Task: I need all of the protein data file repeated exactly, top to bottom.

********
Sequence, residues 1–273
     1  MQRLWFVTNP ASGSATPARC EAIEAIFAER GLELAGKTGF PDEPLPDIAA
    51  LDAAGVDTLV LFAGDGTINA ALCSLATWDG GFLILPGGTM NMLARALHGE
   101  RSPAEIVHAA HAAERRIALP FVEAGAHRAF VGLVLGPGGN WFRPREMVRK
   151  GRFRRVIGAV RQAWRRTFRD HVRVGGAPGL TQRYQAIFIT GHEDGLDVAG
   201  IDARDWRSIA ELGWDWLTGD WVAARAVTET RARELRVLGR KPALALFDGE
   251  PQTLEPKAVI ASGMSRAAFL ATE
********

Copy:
Sequence, residues 1–273
     1  MQRLWFVTNP ASGSATPARC EAIEAIFAER GLELAGKTGF PDEPLPDIAA
    51  LDAAGVDTLV LFAGDGTINA ALCSLATWDG GFLILPGGTM NMLARALHGE
   101  RSPAEIVHAA HAAERRIALP FVEAGAHRAF VGLVLGPGGN WFRPREMVRK
   151  GRFRRVIGAV RQAWRRTFRD HVRVGGAPGL TQRYQAIFIT GHEDGLDVAG
   201  IDARDWRSIA ELGWDWLTGD WVAARAVTET RARELRVLGR KPALALFDGE
   251  PQTLEPKAVI ASGMSRAAFL ATE